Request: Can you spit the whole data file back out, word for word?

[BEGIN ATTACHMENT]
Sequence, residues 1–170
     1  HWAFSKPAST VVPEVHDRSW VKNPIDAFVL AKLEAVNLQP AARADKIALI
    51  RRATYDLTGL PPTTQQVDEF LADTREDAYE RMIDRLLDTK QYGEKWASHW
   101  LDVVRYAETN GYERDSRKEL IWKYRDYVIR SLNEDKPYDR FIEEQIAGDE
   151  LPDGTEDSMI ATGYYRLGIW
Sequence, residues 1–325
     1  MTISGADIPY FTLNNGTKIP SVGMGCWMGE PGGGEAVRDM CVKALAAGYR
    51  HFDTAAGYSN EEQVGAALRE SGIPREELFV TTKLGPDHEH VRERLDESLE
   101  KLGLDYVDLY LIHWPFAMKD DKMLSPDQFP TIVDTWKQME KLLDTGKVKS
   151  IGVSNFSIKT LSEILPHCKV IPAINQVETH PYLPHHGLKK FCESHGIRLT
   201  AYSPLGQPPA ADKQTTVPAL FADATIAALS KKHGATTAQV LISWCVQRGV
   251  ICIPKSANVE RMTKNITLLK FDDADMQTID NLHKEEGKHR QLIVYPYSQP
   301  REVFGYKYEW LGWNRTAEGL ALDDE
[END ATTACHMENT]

Sequence, residues 1–170
     1  HWAFSKPAST VVPEVHDRSW VKNPIDAFVL AKLEAVNLQP AARADKIALI
    51  RRATYDLTGL PPTTQQVDEF LADTREDAYE RMIDRLLDTK QYGEKWASHW
   101  LDVVRYAETN GYERDSRKEL IWKYRDYVIR SLNEDKPYDR FIEEQIAGDE
   151  LPDGTEDSMI ATGYYRLGIW
Sequence, residues 1–325
     1  MTISGADIPY FTLNNGTKIP SVGMGCWMGE PGGGEAVRDM CVKALAAGYR
    51  HFDTAAGYSN EEQVGAALRE SGIPREELFV TTKLGPDHEH VRERLDESLE
   101  KLGLDYVDLY LIHWPFAMKD DKMLSPDQFP TIVDTWKQME KLLDTGKVKS
   151  IGVSNFSIKT LSEILPHCKV IPAINQVETH PYLPHHGLKK FCESHGIRLT
   201  AYSPLGQPPA ADKQTTVPAL FADATIAALS KKHGATTAQV LISWCVQRGV
   251  ICIPKSANVE RMTKNITLLK FDDADMQTID NLHKEEGKHR QLIVYPYSQP
   301  REVFGYKYEW LGWNRTAEGL ALDDE